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Durban - The African National Congress (ANC) is expected to maintain control of the KwaZulu-Natal (KZN) Legislature after the May 8 general election, but there is speculation of growing discontent with the governing party among the province’s burgeoning black middle class. 

In next month’s election, KwaZulu-Natal will play a massive role on the final vote tailing, accounting for 20.65% (5 525 088) of the registered 26 752 822 voters - second only to Johannesburg’s 23.86% (6 382 879). The third and fourth placed provinces, in terms of registered voters, are Eastern Cape (12.57%) and Western Cape (11.70%).

Besides black middle-class voters who are, according to a political analyst, "frustrated" with the ANC, the resurgence of the Inkatha Freedom Party (IFP) in the province’s vast rural population has also set tongues wagging.

KwaZulu-Natal-based political analyst Xolani Dube, of think-tank Xubera Institute for Research and Development, told African News Agency (ANA) he believed the ANC would secure no more than 55% of the vote in the province.

The biggest threat to the party in KZN was a deepening disconnect between the ANC and the growing batch of black middle-class voters, among other constituencies, said Dube.   

He said recent attempts by the party to reach out to black professionals and business owners in the province had not been successful, which was a barometer of trust levels.

“In the urban areas, the black middle class is more sympathetic to their [own] needs and not about the party’s history. There is growing discontent with how the urban municipalities are run, for example. This election is not about the ANC’s history but rather an audit for the last 25 years. The middle class is scared for the future as they have the most to lose,” said Dube.

He said this particular voting block would likely abstain on election day. Dube said the party was also squeezed between leadership committed to “modernity and fiefdom”, and that urban ANC voters were unhappy that those with “rural values” generally ruled the party.

Despite Dube's speculation, ANC KZN secretary Mdumiseni Ntuli said just last month that he was expecting the party to garner its best results since taking control of the province. 

And according to ANC KZN chairman, Sihle Zikalala, who was speaking at the same event as Ntuli: “Post-May 8, the KwaZulu-Natal Legislature will have four parties. The ANC will lead and the opposition will share less than 35%." 

The ANC is seeking greater support in rural areas as urban voters move away from the liberation movement. But in those rural areas, they face stiff competition from the likes of the United Democratic Movement in the Eastern Cape and IFP in KZN.

Black Africans make up 86% of the population in the province and are the biggest voting bloc. 

The Electoral Commission of South Africa (IEC) says the largest voting age groups in KZN are those aged 20 to 29 and 30 to 39, totalling 2,789,486 people. Notably, 56.4% of all registered KZN voters are women.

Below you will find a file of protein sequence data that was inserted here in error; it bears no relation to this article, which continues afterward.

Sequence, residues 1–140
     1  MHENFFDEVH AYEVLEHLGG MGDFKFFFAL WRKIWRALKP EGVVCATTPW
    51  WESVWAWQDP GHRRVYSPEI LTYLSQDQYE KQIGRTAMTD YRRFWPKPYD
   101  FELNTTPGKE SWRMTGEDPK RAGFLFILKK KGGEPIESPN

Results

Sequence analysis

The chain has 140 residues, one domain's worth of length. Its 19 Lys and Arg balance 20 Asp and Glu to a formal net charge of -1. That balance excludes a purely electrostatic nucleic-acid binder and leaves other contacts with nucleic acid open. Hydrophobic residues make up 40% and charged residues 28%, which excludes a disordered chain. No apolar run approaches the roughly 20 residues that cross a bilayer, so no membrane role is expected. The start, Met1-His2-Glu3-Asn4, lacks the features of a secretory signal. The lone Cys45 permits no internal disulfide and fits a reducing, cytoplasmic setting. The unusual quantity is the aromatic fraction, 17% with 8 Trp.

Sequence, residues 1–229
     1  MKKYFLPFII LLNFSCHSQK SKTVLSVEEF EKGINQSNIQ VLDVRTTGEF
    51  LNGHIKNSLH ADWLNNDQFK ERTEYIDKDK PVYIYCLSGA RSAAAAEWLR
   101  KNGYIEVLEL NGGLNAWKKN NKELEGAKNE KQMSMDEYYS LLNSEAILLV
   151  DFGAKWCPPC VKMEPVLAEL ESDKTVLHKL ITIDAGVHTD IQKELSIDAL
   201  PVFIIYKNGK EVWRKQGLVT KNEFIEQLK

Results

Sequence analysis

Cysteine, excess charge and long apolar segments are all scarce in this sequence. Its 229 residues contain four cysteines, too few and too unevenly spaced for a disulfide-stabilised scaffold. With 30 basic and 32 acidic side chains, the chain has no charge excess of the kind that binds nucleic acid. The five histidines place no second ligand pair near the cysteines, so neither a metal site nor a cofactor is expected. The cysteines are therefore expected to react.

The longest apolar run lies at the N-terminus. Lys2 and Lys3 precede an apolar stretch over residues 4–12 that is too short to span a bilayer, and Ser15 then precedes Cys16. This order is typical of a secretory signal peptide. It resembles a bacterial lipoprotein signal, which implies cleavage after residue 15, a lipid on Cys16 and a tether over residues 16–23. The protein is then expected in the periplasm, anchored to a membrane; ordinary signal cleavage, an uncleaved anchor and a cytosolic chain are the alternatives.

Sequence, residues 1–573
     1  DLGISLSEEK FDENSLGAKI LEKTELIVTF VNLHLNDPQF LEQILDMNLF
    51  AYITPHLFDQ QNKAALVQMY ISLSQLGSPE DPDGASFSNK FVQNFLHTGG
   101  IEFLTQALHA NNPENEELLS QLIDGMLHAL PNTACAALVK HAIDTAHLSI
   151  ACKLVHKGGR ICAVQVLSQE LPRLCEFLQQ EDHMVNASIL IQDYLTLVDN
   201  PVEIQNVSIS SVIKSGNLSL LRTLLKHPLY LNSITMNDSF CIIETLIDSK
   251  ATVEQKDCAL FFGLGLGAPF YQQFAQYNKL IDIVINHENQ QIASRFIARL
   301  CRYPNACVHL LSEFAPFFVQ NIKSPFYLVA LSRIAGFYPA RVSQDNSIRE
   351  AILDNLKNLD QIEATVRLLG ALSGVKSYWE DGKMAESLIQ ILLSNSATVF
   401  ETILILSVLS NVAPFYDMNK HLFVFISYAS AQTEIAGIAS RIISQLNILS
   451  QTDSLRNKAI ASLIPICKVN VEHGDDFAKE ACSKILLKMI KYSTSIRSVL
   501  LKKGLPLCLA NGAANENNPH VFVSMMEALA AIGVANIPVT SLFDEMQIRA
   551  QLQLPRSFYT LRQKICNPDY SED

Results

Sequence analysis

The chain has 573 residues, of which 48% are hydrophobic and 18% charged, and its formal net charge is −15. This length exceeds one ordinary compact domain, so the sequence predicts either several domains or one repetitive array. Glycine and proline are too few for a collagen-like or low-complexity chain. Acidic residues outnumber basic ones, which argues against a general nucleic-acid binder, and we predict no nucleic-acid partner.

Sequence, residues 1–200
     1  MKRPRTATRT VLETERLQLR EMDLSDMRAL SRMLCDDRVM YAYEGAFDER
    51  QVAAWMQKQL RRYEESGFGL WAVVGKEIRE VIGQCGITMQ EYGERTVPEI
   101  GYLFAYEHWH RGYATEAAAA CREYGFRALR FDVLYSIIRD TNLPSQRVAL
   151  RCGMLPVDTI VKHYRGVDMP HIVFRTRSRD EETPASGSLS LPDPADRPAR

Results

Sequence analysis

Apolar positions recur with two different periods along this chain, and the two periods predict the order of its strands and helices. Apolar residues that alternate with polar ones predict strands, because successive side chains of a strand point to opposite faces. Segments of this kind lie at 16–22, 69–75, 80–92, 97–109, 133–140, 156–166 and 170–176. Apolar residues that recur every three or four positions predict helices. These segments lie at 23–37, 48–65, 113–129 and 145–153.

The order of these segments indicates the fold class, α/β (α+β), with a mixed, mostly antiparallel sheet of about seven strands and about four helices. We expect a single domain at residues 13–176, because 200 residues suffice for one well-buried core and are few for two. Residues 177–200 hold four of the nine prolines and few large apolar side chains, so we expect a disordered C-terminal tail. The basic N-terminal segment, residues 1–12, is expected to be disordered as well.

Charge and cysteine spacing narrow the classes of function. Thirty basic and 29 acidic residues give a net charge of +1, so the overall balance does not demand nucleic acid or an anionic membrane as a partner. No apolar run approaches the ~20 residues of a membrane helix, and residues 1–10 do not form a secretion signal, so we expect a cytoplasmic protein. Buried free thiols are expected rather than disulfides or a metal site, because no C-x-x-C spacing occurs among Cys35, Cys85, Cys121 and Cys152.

In the 2014 general elections, with 3,887,840 votes cast in KZN and a turnout of 75.98%, the ANC won 64.52% of the vote, followed by the Democratic Alliance (DA) (12.76%) and the IFP (10.86%).

But in the 2016 local government elections, the ANC secured 57.79% of the vote on a voter turnout of 3 333 298.

In 2016, there was also a clear sign of a resurgent IFP, which secured 20.22% of all provincial votes and won control either outright or through coalition of several northern KZN municipalities.

The DA in comparison only nominally increased its percentage share to 13.70% although they too came close to winning their first local municipality in the province, securing 41.02% of the vote in the uMgeni Local Municipality, as opposed to the ANC’s 55.81%.

Dube said it was likely that post-May 8, the IFP would secure the opposition benches.

“The IFP’s leader Velenkosini Hlabisa has a trustworthy look. It is a pity the party took so long to bring him out. This could cost them ground. The DA leader Zwakele Mncwango, on the other hand, seems disconnected from his constituency,” said Dube. 

“The DA will maintain or marginally increase its voter support base as its supporters are not too concerned about the leadership but rather the party’s policies and ideas. The EFF [Economic Freedom Fighters] is capable of making an impact but its provincial leader Vusi Khoza does not represent its support base, who see themselves as Black Consciousness intellectuals.”

Dube said new participants like Black First Land First, the African Content Movement and African Transformation Movement could obtain seats in the legislature.

He noted that ANC leader Cyril Ramaphosa had been largely absent from campaigning in KwaZulu-Natal, as it was a sure win for the party, and was instead focusing his energy on the battleground of Gauteng.

And, said Dube, while the Indian, white and coloured populations in KZN were small, they had the power to influence the workforce by telling them that certain ANC policy proposals could severely affect their employment and persuade them to vote for “anyone but the ANC”.

He said that talk of changing  BEE policy in favour of black Africans to the inflammatory “Radical Economic Transformation” was rhetoric that was usually anti-Indian and was one example that would drive minorities to vote for opposition parties.  

While the governing party has a strong support base in the rural areas, increased anger with service delivery failures could also be reflected on election day. 

On Friday, the province's MEC for safety and security revealed during a meeting of law enforcement agencies in Pietermaritzburg that between January and March this year, the province experienced 217 "violent public protests". 

"In view of the fact that we are approaching the elections, these violent protests might intensify," said Mxolisi Kaunda. 

African News Agency (ANA)